While former Ravens RB Ray Rice deserves what has come his way, it’s difficult to ignore Commissioner Roger Goodell’s bungling of the situation. Presumably, the police/DA watched the video from inside the elevator immediately following Rice’s assault. Legally, Rice may or may not have received favorable treatment, but he was allowed to enter New Jersey’s pretrial intervention program.
“The intervention program allows first-time offenders to have charges against them dismissed after participating in the program and meeting certain conditions. The county prosecutor will decide whether Rice is allowed to enter the program.”
Again, Roger Goodell suspending Rice for two games was extremely lenient, even before the latest video was released. While the public could only speculate about what happened in the elevator prior to yesterday, the video from outside the elevator before and immediately after were enough to damn Rice, and rightfully so.
Commissioner Goodell, in response to Rice’s domestic violence case, worked with different counsels and groups to shape a new, more appropriate discipline policy for similar cases going forward. A six game suspension for first time violators and an indefinite suspension for repeat offenders became the codified discipline system about two weeks ago, primarily in response to public outcry about Rice’s soft punishment.
Now, we have yet another inconsistent ruling from Goodell’s camp, as Rice has been suspended indefinitely after a “first offense” following the release of the footage from inside the elevator. This should have been the outcome all along. Regardless of whether or not the NFL saw the tape from inside the elevator prior to yesterday, they should have been more judicious and responsible from the start; however, this isn’t consistent with the policies Goodell laid out less than a month ago.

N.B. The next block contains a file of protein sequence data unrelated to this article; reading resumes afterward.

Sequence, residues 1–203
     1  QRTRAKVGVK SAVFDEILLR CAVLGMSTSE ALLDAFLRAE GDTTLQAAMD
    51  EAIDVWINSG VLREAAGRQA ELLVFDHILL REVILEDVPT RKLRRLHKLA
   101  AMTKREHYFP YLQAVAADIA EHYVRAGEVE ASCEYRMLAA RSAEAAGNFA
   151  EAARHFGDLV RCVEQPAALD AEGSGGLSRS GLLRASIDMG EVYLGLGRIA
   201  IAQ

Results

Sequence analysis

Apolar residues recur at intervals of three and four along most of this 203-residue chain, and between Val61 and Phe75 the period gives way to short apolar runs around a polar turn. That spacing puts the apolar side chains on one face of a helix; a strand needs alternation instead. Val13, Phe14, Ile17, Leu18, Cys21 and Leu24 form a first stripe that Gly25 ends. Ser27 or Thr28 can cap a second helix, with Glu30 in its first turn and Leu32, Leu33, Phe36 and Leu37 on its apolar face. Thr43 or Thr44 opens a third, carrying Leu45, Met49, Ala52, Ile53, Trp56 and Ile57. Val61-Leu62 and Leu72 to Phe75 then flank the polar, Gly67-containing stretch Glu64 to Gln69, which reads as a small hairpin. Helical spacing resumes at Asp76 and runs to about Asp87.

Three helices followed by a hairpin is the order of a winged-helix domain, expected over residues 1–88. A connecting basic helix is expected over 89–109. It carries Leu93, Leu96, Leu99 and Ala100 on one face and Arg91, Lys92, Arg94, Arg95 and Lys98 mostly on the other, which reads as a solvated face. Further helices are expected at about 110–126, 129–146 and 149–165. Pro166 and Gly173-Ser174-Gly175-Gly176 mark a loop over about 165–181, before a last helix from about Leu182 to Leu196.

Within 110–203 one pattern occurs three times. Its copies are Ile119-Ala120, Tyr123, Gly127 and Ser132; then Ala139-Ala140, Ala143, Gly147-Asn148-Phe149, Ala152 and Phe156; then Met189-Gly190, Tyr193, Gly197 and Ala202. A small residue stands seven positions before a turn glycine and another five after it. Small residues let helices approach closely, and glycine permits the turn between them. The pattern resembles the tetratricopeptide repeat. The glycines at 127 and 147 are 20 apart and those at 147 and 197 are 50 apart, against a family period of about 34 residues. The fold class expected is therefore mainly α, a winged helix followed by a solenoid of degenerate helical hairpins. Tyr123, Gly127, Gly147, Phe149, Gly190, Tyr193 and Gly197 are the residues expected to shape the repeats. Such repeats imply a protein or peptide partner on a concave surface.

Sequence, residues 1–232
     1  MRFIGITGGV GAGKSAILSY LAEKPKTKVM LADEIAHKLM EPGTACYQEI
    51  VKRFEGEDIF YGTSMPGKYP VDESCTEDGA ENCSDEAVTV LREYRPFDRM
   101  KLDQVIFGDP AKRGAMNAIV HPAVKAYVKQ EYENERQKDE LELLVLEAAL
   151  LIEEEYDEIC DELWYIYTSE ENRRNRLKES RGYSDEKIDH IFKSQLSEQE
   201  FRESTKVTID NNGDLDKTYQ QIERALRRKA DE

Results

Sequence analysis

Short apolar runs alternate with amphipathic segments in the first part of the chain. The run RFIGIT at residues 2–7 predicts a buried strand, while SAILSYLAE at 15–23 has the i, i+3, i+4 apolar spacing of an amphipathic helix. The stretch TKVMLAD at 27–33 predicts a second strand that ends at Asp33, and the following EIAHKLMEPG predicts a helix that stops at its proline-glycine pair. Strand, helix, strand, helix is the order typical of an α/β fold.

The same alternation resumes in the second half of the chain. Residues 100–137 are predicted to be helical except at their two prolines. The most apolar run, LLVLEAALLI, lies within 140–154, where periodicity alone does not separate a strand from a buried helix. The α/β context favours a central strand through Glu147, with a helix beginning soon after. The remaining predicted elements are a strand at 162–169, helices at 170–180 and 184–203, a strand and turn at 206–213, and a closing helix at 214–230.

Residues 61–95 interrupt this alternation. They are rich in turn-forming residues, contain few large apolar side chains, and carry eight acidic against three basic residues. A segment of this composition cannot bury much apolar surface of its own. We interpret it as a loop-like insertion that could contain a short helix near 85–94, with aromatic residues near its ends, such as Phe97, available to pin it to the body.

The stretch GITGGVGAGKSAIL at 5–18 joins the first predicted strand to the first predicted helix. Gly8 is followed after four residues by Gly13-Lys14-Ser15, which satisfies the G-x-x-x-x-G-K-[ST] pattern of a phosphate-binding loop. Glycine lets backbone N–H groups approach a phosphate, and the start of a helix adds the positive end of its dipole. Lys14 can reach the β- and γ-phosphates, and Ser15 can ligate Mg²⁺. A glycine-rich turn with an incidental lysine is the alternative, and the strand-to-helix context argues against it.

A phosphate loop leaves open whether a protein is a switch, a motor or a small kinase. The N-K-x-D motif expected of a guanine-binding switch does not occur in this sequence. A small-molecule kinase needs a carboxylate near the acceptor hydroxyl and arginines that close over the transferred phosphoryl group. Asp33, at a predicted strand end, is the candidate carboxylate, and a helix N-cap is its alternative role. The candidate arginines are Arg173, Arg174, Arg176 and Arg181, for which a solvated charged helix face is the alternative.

Didn’t Goodell just handcraft the perfect discipline system? Speaking to groups who represent such causes doesn’t translate to good PR when you fail to make the right decision to begin with. The players accepted Goodell’s authority in the most recent Collective Bargaining Agreement (CBA) a few years ago, but it’s clear that some major overhaul of the system is necessary.
Going forward, Goodell has set a precedent where cases aren’t closed, even after NFL review. How does this impact the negotiations regarding substance abuse/performance enhancing drugs? If the NFL wants to enact change in the middle of the season, it raises more questions.
Will all prior cases be considered? Is this only for Josh Gordon and Wes Welker? Will a player’s indictments into the drug program be reviewed (Stage I, II, III)? What happens to roster moves made with the old rules in place? The Giants released Will Hill (Ravens) because he is serving a four game suspension to start this season. Do they get consideration?
There isn’t any rhyme or reason to Goodell’s policies or rulings, and he continues to open a can of worms with every tough decision he faces. He has invited all of the criticism he garners by deciding to act outside the law when it serves him, and within the law when it serves him. Ultimately, Rice’s case was handled the way it should have been from the beginning, though somehow, Goodell still found a way to contradict himself.